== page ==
Fridsay, March 14, 2014


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Regents support teacher "Bar Exam" say more rigorous certification process will help students

ALBANY - The State Board of Regents' Higher Education Committee this week discussed the extensive supports the Department has provided for implementation of the new teacher certification exams, including the edTPA (a performance-based assessment of teaching modeled on the highly regarded National Board Certification), the rigorous basic literacy Academic Literacy Skills Test (ALST), and the Educating All Students exam, which evaluates candidates' readiness to teach in diverse classrooms (including students with disabilities and English Language Learners) and work effectively with students' families. After a discussion of the $20 million in Race to the Top funds the State Education Department has provided for the implementation of clinically rich programs at 13 institutions in New York State and a conversation about the certification examinations, the Committee indicated that the work should continue to move forward.

"The Board of Regents started this initiative in 2009," State Education Commissioner John B. King, Jr. said. "We've invested $11.5 million in Race to the Top funds to help higher education institutions transition to the new requirements. In the past year, there have been hundreds of meetings and workshops conducted all over New York State as a result of the extensive support from the State Education Department along with our partners SUNY, CUNY, and the Commission on Independent Colleges and Universities. We are encouraged by the reports of the P-20 collaboration and stronger partnerships across sectors and the Board expressed confidence in the direction we've taken."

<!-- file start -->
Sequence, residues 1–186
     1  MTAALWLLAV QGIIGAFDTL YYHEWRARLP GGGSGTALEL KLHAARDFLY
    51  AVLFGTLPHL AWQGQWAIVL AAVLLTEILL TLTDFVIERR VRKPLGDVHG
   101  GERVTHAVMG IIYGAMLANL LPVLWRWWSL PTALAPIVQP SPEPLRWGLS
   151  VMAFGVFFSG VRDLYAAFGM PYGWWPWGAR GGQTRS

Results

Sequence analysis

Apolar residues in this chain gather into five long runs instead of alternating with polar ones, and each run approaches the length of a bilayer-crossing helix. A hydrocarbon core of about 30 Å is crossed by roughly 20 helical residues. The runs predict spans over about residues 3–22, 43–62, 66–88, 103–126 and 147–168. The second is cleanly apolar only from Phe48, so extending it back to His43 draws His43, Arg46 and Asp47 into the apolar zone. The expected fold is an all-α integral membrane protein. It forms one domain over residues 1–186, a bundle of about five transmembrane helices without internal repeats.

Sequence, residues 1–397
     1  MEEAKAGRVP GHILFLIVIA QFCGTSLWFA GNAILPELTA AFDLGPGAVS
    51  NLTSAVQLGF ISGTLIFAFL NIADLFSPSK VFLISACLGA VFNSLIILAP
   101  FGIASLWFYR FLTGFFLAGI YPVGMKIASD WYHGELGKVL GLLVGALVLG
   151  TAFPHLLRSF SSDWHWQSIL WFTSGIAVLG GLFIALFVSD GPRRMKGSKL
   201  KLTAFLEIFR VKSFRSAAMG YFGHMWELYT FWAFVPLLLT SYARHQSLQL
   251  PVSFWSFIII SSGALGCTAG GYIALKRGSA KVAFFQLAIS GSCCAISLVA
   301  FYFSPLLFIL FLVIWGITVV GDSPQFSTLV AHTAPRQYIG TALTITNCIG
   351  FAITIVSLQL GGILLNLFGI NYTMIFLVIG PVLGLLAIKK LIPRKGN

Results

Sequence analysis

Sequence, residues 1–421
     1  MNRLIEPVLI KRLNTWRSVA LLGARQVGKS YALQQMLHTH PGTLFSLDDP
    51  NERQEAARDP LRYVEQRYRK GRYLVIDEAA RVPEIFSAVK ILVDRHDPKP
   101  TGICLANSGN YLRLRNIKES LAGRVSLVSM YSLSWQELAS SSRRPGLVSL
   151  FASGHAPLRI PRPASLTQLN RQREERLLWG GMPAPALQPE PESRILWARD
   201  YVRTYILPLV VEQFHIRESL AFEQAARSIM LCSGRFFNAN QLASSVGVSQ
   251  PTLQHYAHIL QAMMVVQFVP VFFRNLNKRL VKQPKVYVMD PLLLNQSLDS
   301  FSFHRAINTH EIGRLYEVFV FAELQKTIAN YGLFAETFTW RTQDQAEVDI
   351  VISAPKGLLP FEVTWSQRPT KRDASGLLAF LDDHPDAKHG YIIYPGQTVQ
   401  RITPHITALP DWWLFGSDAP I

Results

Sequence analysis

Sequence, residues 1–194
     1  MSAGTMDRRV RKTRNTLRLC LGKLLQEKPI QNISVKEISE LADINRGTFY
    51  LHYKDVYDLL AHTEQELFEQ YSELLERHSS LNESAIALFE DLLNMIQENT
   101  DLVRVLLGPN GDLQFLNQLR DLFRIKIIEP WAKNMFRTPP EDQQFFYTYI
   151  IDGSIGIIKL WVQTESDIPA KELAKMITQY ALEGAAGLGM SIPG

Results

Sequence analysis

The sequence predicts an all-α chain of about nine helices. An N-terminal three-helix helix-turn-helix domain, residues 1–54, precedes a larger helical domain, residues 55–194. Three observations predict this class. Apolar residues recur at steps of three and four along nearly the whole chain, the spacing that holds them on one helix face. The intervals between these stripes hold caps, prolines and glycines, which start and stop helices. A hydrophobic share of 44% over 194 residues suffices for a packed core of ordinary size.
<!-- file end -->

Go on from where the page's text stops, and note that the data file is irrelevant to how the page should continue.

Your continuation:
Calls for improvement in teacher preparation have come from the federal government, teacher unions, leadership organizations, and higher education accreditation bodies. Governor Cuomo last year called for an increase in "standards for teacher certification…by requiring passage of a bar exam." Last year's enacted budget committed to "a teacher and principal bar exam certification program that would include a common set of professionally rigorous assessments to ensure the best prepared educators are entering the public school system."

King noted the Department has conducted extensive field engagement with higher education faculty and P-12 teachers in the development of all of the new certification examinations and the setting of standards for student performance on the exams. He added that agreements signed in 2012 between the Department and SUNY, CUNY and the Commission on Independent Colleges and Universities (cIcu) provided a substantial investment of the state's Race to the Top monies to provide professional development for college and university faculty around the new certification examinations and pillars of the Regents Reform Agenda.

The Higher Education Committee also committed to closely monitor student performance on the new certification exams and to continue to discuss specific supports that SUNY, CUNY, and cIcu can provide using the Race to the Top funding that will benefit teacher preparation candidates and ultimately P-12 students. Committee members also expressed that they are monitoring closely the real experience of test takers in this first round of administration and will again in April assess the special circumstances of a transition year.